Pushing for Immigration Reform from the Right
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Pushing for Immigration Reform from the Right

A coalition of conservatives is on Capitol Hill today to lobby Republicans for immigration reform. They range from the Chamber of Commerce to evangelicals who've been "praying 4 reform," which they say does not mean "amnesty." Can they move enough GOP members to get House leaders to allow a vote on bipartisan measures? Also, Did the White House Approve Spying on ally leaders? On Today's Talking Point, a first-hand account of American Special Forces hunting for warlord Joseph Kony in the jungles of Congo.

Banner image: Republican tax reformer Grover Norquist is among those calling for immigration reform. Photo: Gage Skidmore

Making News

Did the White House OK Spying on Ally Leaders? ()

President Obama has tried to distance himself from American spying on foreign leaders. Now, US intelligence officers are pushing back, claiming the White House and the State Department signed off last summer on the targeting of phone conversations by friendly foreign leaders. That's according to Ken Dilanian, national security correspondent for the Los Angeles Times.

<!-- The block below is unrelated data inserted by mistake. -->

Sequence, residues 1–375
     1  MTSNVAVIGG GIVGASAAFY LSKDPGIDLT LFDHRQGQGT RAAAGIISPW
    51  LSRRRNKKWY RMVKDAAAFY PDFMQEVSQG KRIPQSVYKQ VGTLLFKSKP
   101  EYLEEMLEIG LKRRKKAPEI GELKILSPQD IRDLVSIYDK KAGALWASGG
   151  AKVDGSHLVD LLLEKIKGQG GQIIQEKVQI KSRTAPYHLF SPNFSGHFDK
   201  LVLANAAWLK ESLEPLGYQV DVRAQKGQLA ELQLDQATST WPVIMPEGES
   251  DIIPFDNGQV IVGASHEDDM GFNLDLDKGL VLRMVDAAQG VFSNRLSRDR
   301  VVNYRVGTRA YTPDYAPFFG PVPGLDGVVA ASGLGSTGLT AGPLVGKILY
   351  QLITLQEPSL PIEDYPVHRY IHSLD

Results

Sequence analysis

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Main Topic

Immigration Reform: A Push from the Right ()

A so-called "conservative fly-in" of 600 corporate executives, police chiefs, farmers and evangelicals rallied at the Chamber of Commerce office on Capitol Hill today. They're smaller in number than the crowds of immigration advocates who've appeared on the Washington Mall, but this time some Republicans might be listening. About 80 GOP members may need the support of Latino voters badly enough to agree to some form of legalization and a "path to citizenship." Does this leadership-lobby have the clout to get immigration reform moving again?  Does it have the backing of its own grassroots members?

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Today's Talking Point

US Troops Aid Effort to Capture African Warlord Joseph Kony ()

The video Kony 2012, released last year by a group called "Invisible Children," was viewed 88 million times in its first month. The activists behind it helped secure a little-known commitment of 100 American Special Forces to capture or kill an African war lord who is no threat to the United States but who kidnaps children and trains them to terrorize local villages. In the Washington Post, Rajiv Chandrasekaran describes a 15-hour trek in a rainstorm through suffocating jungle in Congo. It happened last month, and it was the first time American Special operations advisers provided field support in the hunt for Joseph Kony, who leads the Lord's Resistance Army.

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